In the People's Republic of China (P.R. China), schistosomiasis caused by the blood fluke Schistosoma japonicum has a documented history of more than 2,000 years [1, 2]. The first large-scale surveys done in the mid-1950s suggested that the disease was endemic in 12 provinces located along and south of the Yangtze River. More than 10 million people were infected, causing considerable morbidity and even mortality [3, 4]. Hence, a national schistosomiasis control programme was launched, placing particular emphasis on the control of the intermediate host snail Oncomelania hupensis, including environmental management and chemical mollusciciding [2–6]. As a result, snail-infested areas have been reduced from approximately 14,320 km2 in the mid-1950s to 3,720 km2 in 2008 [6, 7].
Recently, a comprehensive strategy was proposed with the ultimate aim to reduce further the likelihood of contamination of the environment with schistosome eggs. This integrated control strategy consists of health education, access to clean water and adequate sanitation, mechanization of agriculture and fencing of domesticated bovines, along with preventive chemotherapy [8, 9]. The main rationale for implementing this new strategy is that schistosomiasis is an environmentally mediated disease, and that it is difficult to eliminate all snail habitats, particularly in lake and marshland regions . However, this new strategy alone does not succeed in eliminating or substantially reducing the incidence of schistosomiasis , especially in mountainous regions where suitable snail habitats persist. Additional control measures are needed, such as mollusciciding, which is a time-consuming and costly strategy, because large fluctuations in snail abundance [12, 13] can arise from flooding [14, 15]. Hence, measures for increasing the effectiveness of mollusciciding, which in turn reduce intermediate host snail abundance and limit the likelihood of re-emergence of schistosomiasis, are required .
For the effective control of O. hupensis populations, a fundamental step is a deeper understanding of the snail's intrinsic population dynamics because these properties influence the rate of recovery after withdrawal of snail control . There is, however, a paucity of information describing even basic population dynamics for this species, which severely limits our understanding of the processes of schistosomiasis transmission, and hence hampers the development of effective control approaches. here is a general consensus among ecologists that account must be taken of intrinsic and extrinsic population controls  when analysing time-series data, and growing emphasis is placed on determining the degree of interaction between the two aspects driving fluctuations in abundance [18–22]. Intrinsic control normally operates via density feedback whereby component vital rates (e.g. survival and fertility) and/or individual fitness change in response to population density . However, vital rates can respond differently to density changes, meaning that the influence of density on the rate of population growth (termed demographic feedback) as measured by changes in abundance should reflect the net contributions of all component vital rates and extrinsic perturbations . Extrinsic processes include stochastic environmental pressures and human control activities that affect population density, but are not directly affected by population density themselves .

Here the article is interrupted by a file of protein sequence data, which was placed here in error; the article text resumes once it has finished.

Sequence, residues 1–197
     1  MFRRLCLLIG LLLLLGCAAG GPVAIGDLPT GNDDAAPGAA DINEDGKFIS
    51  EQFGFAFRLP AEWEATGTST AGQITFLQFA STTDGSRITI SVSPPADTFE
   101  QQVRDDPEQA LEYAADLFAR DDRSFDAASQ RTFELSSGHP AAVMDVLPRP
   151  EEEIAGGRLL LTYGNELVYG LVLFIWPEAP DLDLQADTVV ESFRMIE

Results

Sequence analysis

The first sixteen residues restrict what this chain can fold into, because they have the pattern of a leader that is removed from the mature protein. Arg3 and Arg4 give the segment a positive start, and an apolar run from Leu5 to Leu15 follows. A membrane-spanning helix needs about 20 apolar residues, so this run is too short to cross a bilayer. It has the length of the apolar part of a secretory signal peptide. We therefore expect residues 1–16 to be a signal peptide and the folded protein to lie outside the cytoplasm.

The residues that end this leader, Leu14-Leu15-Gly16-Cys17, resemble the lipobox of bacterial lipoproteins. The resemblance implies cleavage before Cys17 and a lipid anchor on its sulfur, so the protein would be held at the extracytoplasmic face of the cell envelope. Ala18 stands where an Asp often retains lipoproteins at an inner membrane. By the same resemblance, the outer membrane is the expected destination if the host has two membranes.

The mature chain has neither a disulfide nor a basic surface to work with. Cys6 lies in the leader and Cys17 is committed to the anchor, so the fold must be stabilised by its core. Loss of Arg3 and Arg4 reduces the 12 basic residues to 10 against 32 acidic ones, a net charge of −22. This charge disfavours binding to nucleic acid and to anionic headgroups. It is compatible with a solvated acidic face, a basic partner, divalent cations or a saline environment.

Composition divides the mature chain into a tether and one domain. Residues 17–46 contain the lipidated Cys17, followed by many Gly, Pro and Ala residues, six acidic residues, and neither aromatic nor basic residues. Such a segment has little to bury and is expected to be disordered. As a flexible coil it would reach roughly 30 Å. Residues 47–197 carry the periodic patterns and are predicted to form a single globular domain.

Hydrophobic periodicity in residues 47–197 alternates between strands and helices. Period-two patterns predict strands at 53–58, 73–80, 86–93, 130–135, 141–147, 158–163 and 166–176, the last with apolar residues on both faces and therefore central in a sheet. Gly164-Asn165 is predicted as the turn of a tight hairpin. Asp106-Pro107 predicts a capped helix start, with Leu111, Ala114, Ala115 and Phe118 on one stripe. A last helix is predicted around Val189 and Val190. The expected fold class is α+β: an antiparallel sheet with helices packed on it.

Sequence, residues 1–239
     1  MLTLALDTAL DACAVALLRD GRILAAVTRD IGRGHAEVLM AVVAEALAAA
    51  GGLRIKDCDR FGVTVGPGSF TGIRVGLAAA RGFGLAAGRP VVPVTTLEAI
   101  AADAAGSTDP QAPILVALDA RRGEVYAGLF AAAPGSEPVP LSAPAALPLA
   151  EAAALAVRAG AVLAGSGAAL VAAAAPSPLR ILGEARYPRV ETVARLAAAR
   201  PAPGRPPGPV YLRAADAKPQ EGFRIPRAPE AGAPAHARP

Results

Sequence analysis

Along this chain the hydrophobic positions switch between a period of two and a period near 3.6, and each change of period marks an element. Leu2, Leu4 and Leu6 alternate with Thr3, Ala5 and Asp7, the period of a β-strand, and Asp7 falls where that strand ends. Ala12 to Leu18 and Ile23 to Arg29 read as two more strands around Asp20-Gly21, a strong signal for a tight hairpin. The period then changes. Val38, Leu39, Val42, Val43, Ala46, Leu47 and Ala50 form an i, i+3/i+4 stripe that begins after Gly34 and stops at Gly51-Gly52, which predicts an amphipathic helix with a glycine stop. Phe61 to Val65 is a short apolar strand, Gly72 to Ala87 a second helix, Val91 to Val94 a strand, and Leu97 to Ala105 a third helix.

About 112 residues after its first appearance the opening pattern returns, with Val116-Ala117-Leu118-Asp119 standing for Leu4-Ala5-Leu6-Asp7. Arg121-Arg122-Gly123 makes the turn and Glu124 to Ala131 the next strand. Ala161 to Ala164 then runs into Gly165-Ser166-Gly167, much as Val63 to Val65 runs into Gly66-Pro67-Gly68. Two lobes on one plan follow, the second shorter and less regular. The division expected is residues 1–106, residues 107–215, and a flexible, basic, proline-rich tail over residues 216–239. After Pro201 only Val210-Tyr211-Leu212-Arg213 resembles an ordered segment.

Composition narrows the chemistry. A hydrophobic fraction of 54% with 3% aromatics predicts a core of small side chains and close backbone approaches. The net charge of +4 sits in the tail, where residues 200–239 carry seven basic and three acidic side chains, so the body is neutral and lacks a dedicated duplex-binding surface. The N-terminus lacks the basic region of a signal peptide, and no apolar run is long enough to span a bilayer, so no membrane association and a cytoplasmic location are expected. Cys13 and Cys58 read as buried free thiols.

Previous research pertaining to O. hupensis focused mainly on the environmental conditions correlated with snail abundance, and hence particular emphasis was placed on elucidating extrinsic influences. Similar to mosquito vector species [25–27], snail population dynamics can also exhibit strong density feedback, and the form and relative strength of feedback might differ markedly among populations given the strong genetic differentiation observed in intermediate host snails [28, 29]. Failure to take intrinsic dynamics into account can lead to an over-estimation of the medium- to long-term effectiveness of density control methods, such as mollusciciding or habitat modification .
Here we provide an empirical framework for discerning the relative contributions of intrinsic drivers of snail population dynamics for a better understanding of the eco-epidemiology and control of schistosomiasis. We first examine the evidence for, strength and form of phenomenological (demographic) density feedback operating in focal snail populations based on a series of biological experiments under quasi-field conditions. We also test whether the intrinsic dynamics of O. hupensis follow a Gompertz-like compensatory feedback, which is consistent with organisms having high turn-over rates such as insects [30, 31]. The Gompertz model and its analogues express population growth (r) or vital rates such as survival (s) as a negative log-linear relationship with density, with high r or s at low densities which decline rapidly as population size increases and then tapers to an asymptote . Examining the patterns of component feedback in snail survival provides insight into the principal drivers of the strength and form of the demographic response. The relevant elements derived from the intrinsic model will provide an ecologically based evidence to formulate cost-effective control strategies towards schistosomiasis elimination, and to ensure the lowest transmission risk or density of O. hupensis.